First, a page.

Home » Sustainability | Free Full-Text | Interpretable Machine Learning Models for Malicious Domains Detection Using Explainable Artificial Intelligence (XAI)

Sustainability | Free Full-Text | Interpretable Machine Learning Models for Malicious Domains Detection Using Explainable Artificial Intelligence (XAI)

by gwcmag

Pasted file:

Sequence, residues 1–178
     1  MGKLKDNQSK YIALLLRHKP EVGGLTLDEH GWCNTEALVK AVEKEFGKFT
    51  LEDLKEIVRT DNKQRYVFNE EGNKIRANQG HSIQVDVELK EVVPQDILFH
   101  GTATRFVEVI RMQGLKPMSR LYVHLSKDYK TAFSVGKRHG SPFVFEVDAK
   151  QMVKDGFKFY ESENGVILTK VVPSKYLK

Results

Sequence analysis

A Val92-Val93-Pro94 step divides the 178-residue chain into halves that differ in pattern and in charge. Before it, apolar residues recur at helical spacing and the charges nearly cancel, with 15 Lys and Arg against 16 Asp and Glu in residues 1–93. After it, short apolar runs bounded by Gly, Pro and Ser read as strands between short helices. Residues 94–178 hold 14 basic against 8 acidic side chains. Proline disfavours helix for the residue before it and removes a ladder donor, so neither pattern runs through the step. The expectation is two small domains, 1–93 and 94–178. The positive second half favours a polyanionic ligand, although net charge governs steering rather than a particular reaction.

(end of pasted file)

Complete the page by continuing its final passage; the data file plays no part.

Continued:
With the expansion of the internet, a major threat has emerged involving the spread of malicious domains intended by attackers to perform illegal activities aiming to target governments, violating privacy of organizations, and even manipulating everyday users. Therefore, detecting these harmful domains is necessary to combat the growing network attacks. Machine Learning (ML) models have shown significant outcomes towards the detection of malicious domains. However, the “black box” nature of the complex ML models obstructs their wide-ranging acceptance in some of the fields. The emergence of Explainable Artificial Intelligence (XAI) has successfully incorporated the interpretability and explicability in the complex models. Furthermore, the post hoc XAI model has enabled the interpretability without affecting the performance of the models. This study aimed to propose an Explainable Artificial Intelligence (XAI) model to detect malicious domains on a recent dataset containing 45,000 samples of malicious and non-malicious domains. In the current study, initially several interpretable ML models, such as Decision Tree (DT) and Naïve Bayes (NB), and black box ensemble models, such as Random Forest (RF), Extreme Gradient Boosting (XGB), AdaBoost (AB), and Cat Boost (CB) algorithms, were implemented and found that XGB outperformed the other classifiers. Furthermore, the post hoc XAI global surrogate model (Shapley additive explanations) and local surrogate LIME were used to generate the explanation of the XGB prediction. Two sets of experiments were performed; initially the model was executed using a preprocessed dataset and later with selected features using the Sequential Forward Feature selection algorithm. The results demonstrate that ML algorithms were able to distinguish benign and malicious domains with overall accuracy ranging from 0.8479 to 0.9856. The ensemble classifier XGB achieved the highest result, with an AUC and accuracy of 0.9991 and 0.9856, respectively, before the feature selection algorithm, while there was an AUC of 0.999 and accuracy of 0.9818 after the feature selection algorithm. The proposed model outperformed the benchmark study.
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